The Præfectus-Prætorio Orientis, and under him five
Dioceses, viz. the Oriental, Egyptian, Asiatic, Pontic, and Thracian Dioceses. I. In the Oriental Diocese, are contained fifteen Pro
vinces. 1. Palæstina. 2. Phænice. 3. Syria. 4. Cilicia. 5. Cyrus.' 6. Arabia. 7. Isauria. 8. Palæstina Salutaris. 9. Palæstina Secunda. . 10. Phænice Libani.
11. Euphratensis. 12. Syria Salutaris. 13. Osrhæna. 14. Mesopota
mia. 15. Cilicia Secunda. II. In the Diocese of Egypt, six Provinces. 4. Libya
Superior. 2. Libya Inferior. 3. Thebais. 4.
Ægyptus. 5. Arcadia. 6. Augustamnica, . III. In the Asiatic Diocese, ten Provinces. 1. Pam
phylia. 2. Hellespontus. 3. Lydia. 4. Pisidia. 5. Lycaonia. 6. Phrygia Pacatiana. 7. Phrygia
Salutaris. 8. Lycia. 9. Caria. 10. Insula
Cyclades. IV. In the Pontic Diocese, eleven Provinces. 1. Ga
latia. 2. Bithynia. 3. Honorias. 4. Cappadocia Prima. 5. Paphlagonia. 6. Pontus Polemoniacus. 7. Helenopontus. 8. Armenia Prima. 9. Armenia Secunda. 10. Galatia Sa
lutaris. 11. Cappadocia Secunda. V. In the Diocese of Thrace, six Provinces. 1. Europa.
2. Thracia. 3. Hæmimontis. 4. Rhodope. 5. Mäsia Secunda. 6. Scythia.
The Præfectus-Prætorio of Illyricum, and under him
two Dioceses, Macedonia and Dacia. VI. In the Diocese of Macedonia, six Provinces. 1.
Achaia. 2, Macedonia. 3. Creta. 4. Thessalia. 5. Epirus Vetus. 6. Epirus Nova, and Pars
Mediterranea, 2. Dacia Ripensis. 3. Mæsia
The Præfectus-Prætorio of Italy, and under him three
Dioceses, viz. Italy or the Italic Diocese, Illyricum, IX. In the Diocese of Illyricum, six Provinces. 1. Pan
and Africa. VIII. In the Italic Diocese are contained seventeen Pro
vinces. 1. Venetiæ. 2. Æmylia. 3. Liguria. . 4. Flaminia and Picenum Annonarium, 5. Tuscia and Umbria. 6. Picenum Suburbicarium. 7. Campania. 8. Sicilia. 9. Apulia and Calabria. 10. Lucania and Brutü. 11. Alpes Cottiæ. 12. Rhætia Prima. 13. Rhætia Secunda. 14. Samnium. 15. Valeria. 16. Sardinia. 17. Corsica.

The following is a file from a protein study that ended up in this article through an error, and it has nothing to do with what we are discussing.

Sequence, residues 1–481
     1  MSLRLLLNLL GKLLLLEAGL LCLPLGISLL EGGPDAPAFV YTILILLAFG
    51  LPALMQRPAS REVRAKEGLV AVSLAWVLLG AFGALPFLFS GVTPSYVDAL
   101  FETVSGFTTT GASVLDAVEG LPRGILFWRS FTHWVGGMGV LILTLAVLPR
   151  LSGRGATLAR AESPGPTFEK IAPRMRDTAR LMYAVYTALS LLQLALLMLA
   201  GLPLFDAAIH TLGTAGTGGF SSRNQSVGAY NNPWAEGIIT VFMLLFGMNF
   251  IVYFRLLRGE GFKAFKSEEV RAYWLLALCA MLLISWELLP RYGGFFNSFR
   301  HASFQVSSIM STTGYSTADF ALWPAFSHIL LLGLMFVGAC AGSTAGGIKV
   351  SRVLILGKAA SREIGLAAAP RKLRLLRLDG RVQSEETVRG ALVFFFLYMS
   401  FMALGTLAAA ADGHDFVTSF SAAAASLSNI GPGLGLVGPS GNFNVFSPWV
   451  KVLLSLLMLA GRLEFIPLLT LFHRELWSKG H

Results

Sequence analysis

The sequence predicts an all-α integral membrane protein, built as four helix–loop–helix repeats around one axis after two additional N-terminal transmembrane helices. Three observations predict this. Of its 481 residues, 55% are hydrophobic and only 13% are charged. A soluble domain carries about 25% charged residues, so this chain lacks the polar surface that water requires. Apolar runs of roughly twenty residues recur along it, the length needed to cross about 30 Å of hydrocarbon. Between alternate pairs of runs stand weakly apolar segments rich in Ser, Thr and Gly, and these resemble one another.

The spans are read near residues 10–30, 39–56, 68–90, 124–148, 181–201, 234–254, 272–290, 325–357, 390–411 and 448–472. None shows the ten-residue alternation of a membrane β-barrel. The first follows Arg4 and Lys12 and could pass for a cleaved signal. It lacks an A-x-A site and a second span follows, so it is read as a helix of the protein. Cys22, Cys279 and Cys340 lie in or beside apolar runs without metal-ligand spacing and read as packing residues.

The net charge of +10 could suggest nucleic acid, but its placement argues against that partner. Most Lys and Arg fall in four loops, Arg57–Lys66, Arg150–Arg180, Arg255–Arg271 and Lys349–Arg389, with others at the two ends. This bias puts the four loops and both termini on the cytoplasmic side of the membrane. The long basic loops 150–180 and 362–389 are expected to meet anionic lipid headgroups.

nonia Secunda. 2. Savia. 3. Dalmatia. 4. Pannonia Prima. 5. Noricum Mediterraneum.
6. Noricum Ripense. X. In the Diocese of Africa, six Provinces. 1. By
Zacium. 2. Numidia. 3. Mauritania Sitifensis. 4. Mauritania Cæsariensis. 5. Tripolis. 6. Africa Proconsularis.
The Præfectus-Pretorio Galliarum, and under him three
Dioceses, viz. Hispania, Gallia, Britannia. XI. In the Spanish Diocese, seven Provinces. 1. Boetica.
2. Lusitania. 3. Gallæcia. 4. Tarraconensis. .
5. Carthaginensis. 6. Tingitania. 7. Baleares. XII. In the Gallican Diocese, seventeen Provinces.
1. Viennensis. 2. Lugdunensis Prima. 3. Germania Prima. 4. Germania Secunda. 5. Belgica Prima. 6. Belgica Secunda. 7. Alpes Maritimæ. 8. Alpes Penninæ and Graiæ. 9. Maxima Sequanorum. 10. Aquitania Prima. 11. Aquitania Secunda. 12. Novem Populi. 13. Narbonensis Prima. 14. Narbonensis Secunda. 15. Lugdunensis Secunda. 16. Lugdunensis
Tertia. 17. Lugdunensis Senonia. XIII. In the Britannic Diocese, five Provinces. 1. Maxi
ma Cæsariensis. 2. Valentia. 3. Britannia Prima. 4. Britainia Secunda. 5. Flavia Cæsariensis. Bingh. Ch. Antiq. ix. 1, 5.
“ After the Prætorian Præfects had been dismissed from all military command, the civil functions which they were ordained to exercise over so many subject nations, were adequate to the ambition and abilities of the most consummate ministers. To their wisdom was committed the